The way Java allocates objects initially uses a strategy similar to a sequential memory pool. Sequential pool allocators tend to be extremely fast at a rapid burst allocation strategy of objects. For example, in C, one can often see anywhere from a 2x to 10x improvement in constructing a complex tree if the nodes are allocated using a sequential allocator rather than a general allocator (malloc).

That's the initial phase of allocation against the Java GC. It's very fast for rapid allocation of objects, possibly even getting close to rivaling stack allocation of objects in languages like C++ and very-possibly even beating naive attempts to call operator new or malloc per object in such languages without an efficient memory pool involved (fixed allocator, sequential allocator, etc).

The second phase is a bit more complex. After a single GC cycle of this kind of rapid, sequentially-allocated memory, the GC moves (copies) the memory contents of objects still referenced to a more persistent region of memory. This part is a bit of a performance gotcha, since performance-critical fields often need to focus on concepts like spatial locality which ends up becoming lost if the memory contents of objects allocated together are then shuffled and dispersed in memory by a garbage collection cycle.

Object Pools

What does the above imply as far as object pools go? If the idea of using an object pool revolves around:

  1. Trying to allocate rapid bursts of objects faster, then it's very likely to actually contradict those goals and do more harm than good.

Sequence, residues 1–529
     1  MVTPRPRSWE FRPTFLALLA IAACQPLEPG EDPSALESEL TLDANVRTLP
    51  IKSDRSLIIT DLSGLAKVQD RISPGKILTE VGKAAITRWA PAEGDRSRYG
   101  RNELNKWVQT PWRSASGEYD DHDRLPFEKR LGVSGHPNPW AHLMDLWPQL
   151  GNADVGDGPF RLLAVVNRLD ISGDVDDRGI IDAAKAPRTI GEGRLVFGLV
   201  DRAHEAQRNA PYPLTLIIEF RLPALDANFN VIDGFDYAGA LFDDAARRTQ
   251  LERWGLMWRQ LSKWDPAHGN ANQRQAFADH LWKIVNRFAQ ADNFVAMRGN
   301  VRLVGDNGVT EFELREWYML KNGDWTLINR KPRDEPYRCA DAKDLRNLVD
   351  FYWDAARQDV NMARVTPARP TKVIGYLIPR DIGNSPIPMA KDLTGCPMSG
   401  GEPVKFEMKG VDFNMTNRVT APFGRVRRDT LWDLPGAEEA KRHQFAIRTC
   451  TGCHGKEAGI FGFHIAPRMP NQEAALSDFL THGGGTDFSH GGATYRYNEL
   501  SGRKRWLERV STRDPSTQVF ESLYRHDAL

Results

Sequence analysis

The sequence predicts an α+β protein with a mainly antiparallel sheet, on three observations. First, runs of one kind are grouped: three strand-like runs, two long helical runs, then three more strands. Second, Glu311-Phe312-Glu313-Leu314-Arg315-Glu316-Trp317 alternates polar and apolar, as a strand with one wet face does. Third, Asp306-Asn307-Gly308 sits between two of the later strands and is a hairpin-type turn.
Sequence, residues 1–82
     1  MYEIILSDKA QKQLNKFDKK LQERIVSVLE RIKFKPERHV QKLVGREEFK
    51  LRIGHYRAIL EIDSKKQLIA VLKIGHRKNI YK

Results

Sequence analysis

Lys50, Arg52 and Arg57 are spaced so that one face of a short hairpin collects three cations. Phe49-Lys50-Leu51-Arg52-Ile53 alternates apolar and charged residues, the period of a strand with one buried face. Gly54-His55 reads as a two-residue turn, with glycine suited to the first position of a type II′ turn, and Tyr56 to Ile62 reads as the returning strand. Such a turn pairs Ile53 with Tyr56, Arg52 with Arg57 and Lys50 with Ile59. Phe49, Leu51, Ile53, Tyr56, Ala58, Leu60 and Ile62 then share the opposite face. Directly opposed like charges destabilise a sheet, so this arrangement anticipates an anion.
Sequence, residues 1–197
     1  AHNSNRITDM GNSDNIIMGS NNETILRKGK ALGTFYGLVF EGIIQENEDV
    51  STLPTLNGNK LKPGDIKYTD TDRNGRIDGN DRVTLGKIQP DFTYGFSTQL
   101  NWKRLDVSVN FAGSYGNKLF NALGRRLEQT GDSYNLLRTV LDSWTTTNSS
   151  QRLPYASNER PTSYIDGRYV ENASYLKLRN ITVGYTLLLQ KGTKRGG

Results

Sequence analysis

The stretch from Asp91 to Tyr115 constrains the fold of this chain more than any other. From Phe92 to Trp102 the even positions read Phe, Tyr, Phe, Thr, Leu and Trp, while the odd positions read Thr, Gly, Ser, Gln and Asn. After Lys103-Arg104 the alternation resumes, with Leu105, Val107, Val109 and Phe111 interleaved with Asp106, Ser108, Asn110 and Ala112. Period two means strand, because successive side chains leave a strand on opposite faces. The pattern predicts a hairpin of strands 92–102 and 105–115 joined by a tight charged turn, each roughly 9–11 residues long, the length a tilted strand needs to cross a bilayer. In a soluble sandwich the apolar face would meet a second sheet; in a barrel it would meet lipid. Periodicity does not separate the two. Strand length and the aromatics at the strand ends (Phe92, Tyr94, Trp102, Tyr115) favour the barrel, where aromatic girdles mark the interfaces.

2. Trying to improve spatial locality, then it's next to useless since the garbage collector will still rearrange the memory contents after an initial GC cycle for objects that survive (are still referenced) after one collection cycle.
  3. Trying to improve temporal locality in subsequent accesses, maybe it has some dim chance of improving read/write performance in critical loops for more complex objects.
  4. Trying to improve deterministic response/latency at the cost of throughput, then it might have some glimmer of a chance (ex: avoiding jarring stutters in frame rates in a video game but with the acknowledgement that the overall frame rate might get slower as a result of the pool even if the frame rate becomes more consistent/stable).
  5. Trying to reuse higher-level resource concepts and not the idea of the barebones object's memory (covered later), then it might have a good chance of helping.

Resource Pools